Off the wire
Liberia's president-elect vows to improve welfare of Liberians  • More than 36,000 without power after snow storms hit Canadian BC province  • 10 killed in road crash in S Mexico  • Spotlight: 2017, "Year of Multilateralism First" for United Nations  • Israel launches second strike against Hamas in Gaza  • Spotlight: Italian politicians hit campaign trail ahead of 2018 election  • Xinhua Middle East news summary at 2200 GMT, Dec. 30  • Interview: Libya relies on training, private sector to tackle high unemployment  • Greek gov't appeals committee ruling to grant asylum to Turkish soldier  • England's landscape to be captured in 3-D  
You are here:  

Roundup: Chicago agricultural commodities close mixed over the week

Xinhua,December 31, 2017 Adjust font size:

CHICAGO, Dec. 30 (Xinhua) -- Chicago Board of Trade (CBOT) grains futures closed mixed over the trading week which ended Friday, with wheat futures edging slightly higher as bitterly cold temperatures inflict lasting damage on wheat crops across North American growing regions.

The most active corn contract for March delivery fell 1.25 cents weekly, or 0.36 percent, to 3.5075 dollars per bushel. March wheat delivery went up 2.25 cent, or 0.53 percent, to 4.27 dollars per bushel. January soybeans added 1.5 cents, or 0.16 percent, to 9.6175 dollars per bushel over the week.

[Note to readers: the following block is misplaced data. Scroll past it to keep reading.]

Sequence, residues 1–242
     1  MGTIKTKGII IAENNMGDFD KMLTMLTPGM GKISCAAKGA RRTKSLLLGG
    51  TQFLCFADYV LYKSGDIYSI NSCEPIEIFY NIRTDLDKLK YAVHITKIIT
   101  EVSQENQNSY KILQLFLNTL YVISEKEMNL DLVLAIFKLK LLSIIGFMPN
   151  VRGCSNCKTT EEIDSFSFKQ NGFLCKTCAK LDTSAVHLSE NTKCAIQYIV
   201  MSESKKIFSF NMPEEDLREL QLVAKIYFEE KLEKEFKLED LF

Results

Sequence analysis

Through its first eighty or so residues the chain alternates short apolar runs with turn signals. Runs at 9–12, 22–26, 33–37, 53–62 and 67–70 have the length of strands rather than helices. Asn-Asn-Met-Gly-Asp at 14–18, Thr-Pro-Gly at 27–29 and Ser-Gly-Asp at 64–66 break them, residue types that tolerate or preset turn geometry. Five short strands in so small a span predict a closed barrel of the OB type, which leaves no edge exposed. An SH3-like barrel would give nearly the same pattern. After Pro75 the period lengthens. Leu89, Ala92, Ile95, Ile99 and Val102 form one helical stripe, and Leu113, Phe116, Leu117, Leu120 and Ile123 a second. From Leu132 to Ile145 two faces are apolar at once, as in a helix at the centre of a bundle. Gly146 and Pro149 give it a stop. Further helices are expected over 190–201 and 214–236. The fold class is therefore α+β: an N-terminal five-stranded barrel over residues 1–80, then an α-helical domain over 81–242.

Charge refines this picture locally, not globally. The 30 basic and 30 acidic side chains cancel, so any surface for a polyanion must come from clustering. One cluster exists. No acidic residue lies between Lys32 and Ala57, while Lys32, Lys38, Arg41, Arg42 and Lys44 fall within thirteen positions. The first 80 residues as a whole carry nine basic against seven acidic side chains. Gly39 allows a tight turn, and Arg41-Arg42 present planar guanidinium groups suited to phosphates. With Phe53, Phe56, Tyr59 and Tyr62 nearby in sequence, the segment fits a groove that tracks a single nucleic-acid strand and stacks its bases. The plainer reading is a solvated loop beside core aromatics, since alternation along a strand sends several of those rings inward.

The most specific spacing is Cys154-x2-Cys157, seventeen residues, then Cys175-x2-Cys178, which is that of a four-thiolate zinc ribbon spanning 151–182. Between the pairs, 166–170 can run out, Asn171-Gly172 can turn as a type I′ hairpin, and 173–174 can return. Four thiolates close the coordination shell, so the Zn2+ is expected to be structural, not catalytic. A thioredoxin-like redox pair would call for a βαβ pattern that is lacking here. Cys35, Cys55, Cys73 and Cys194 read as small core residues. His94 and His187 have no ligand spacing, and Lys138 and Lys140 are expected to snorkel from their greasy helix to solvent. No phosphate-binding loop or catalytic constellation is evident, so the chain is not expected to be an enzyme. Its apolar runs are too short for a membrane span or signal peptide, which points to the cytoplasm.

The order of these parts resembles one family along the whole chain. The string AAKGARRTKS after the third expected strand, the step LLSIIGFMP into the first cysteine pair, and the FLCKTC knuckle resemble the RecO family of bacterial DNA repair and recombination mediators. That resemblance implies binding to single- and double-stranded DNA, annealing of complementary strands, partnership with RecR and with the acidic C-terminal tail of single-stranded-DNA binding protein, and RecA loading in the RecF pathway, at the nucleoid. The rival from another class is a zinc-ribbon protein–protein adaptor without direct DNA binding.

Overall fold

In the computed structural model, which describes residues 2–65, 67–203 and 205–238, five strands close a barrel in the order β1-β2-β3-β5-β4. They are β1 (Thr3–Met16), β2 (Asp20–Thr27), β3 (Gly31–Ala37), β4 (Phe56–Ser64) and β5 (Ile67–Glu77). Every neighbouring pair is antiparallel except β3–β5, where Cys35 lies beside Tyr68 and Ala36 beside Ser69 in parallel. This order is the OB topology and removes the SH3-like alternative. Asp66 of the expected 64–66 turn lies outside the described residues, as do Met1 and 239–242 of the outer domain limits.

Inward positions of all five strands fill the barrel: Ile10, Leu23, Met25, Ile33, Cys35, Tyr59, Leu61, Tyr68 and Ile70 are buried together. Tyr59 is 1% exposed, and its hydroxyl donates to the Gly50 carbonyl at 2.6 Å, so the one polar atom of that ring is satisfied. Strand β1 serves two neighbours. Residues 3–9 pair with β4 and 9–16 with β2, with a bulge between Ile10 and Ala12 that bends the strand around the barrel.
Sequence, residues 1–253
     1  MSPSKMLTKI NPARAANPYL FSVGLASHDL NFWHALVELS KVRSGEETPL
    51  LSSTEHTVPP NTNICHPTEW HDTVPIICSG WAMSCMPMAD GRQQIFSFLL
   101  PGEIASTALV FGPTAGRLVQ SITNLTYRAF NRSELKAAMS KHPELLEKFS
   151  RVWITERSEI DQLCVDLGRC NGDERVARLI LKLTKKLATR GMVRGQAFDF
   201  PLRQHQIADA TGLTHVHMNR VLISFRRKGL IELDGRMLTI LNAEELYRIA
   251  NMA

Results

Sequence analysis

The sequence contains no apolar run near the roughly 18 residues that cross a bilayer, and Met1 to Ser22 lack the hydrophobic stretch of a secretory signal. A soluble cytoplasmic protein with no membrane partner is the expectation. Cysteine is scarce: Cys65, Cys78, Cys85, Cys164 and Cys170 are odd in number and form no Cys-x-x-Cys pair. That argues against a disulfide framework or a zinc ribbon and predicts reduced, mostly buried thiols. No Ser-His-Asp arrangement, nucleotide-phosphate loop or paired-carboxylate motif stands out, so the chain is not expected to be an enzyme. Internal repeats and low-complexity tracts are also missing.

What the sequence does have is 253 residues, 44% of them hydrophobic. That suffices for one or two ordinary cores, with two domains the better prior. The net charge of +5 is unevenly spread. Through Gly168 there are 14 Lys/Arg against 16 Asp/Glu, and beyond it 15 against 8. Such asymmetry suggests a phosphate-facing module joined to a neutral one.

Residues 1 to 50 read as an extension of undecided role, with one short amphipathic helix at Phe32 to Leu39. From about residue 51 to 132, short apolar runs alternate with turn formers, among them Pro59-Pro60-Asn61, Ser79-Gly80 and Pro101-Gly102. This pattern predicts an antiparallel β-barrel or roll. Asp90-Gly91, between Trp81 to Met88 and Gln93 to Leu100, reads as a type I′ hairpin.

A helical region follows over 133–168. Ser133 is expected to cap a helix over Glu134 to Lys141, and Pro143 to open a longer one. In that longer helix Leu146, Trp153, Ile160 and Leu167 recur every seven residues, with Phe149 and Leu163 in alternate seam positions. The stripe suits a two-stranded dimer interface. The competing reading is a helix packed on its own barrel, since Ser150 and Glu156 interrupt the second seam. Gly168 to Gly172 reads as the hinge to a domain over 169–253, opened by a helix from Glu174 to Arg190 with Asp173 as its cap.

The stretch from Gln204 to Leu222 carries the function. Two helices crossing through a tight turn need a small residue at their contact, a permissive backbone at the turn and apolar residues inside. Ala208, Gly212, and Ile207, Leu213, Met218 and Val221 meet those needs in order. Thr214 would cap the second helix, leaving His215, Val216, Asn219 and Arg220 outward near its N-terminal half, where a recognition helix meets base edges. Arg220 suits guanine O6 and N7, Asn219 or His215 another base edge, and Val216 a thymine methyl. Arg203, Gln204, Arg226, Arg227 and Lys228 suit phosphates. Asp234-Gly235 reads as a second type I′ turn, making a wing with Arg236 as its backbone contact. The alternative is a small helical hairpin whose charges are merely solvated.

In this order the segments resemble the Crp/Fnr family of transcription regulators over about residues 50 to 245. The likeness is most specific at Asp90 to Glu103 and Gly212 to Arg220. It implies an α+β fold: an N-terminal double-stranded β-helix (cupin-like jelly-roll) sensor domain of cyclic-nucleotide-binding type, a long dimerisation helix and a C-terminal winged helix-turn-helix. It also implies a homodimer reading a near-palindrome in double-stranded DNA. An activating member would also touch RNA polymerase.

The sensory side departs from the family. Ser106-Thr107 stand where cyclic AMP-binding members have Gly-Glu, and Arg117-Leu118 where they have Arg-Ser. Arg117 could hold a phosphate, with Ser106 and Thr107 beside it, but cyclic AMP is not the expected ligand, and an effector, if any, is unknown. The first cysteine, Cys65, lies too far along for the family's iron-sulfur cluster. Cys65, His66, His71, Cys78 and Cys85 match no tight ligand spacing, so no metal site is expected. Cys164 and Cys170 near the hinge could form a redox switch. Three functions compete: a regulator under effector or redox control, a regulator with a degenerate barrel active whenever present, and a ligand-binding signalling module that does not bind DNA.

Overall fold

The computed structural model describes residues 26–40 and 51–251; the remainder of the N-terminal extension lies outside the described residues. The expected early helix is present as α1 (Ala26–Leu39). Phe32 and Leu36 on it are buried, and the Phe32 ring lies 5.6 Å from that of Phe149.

March corn futures sustained support above its 20-day moving average. Managed funds hold a sizeable net short position and price action in the opening weeks of 2018 will hinge largely upon weather in Argentina and Brazil.

Large moisture deficits persist in Argentina, and recent one-off rain events will do little to change this trend. Evidence is mounting to suggest yield there could be upwards of 10-12 percent below trend without a major weather pattern shift in early January.

The U.S. wheat futures rallied by varying degrees. Funds near record short position last week was cited along with winterkill concern in the U.S. Plains.

Analysts mentioned that interior hard red wheat basis is rising and since the beginning of December as U.S. export sales have been well above the pace needed to meet the U.S. Department of Agriculture's annual forecast.

Soybeans were on both sides of unchanged through the week, with neither rallies nor breaks able to get much traction through the holiday shortened week. March soybeans finished slightly higher at the week's end.

Fundamentally, U.S. soybean supplies are known to be record large, and funds are holding the largest end of year net short position on record. What is unknown is the South American weather through the most important part of the growing cycle in a La Nina year.

Managed money is heavily short in the soybean market, and traders caution against staying bearish soybeans below 9.50 dollars per bushel. Latest weather forecast argues that there will be dryness issues in both Argentina and Brazil that should offer rally opportunities. Enditem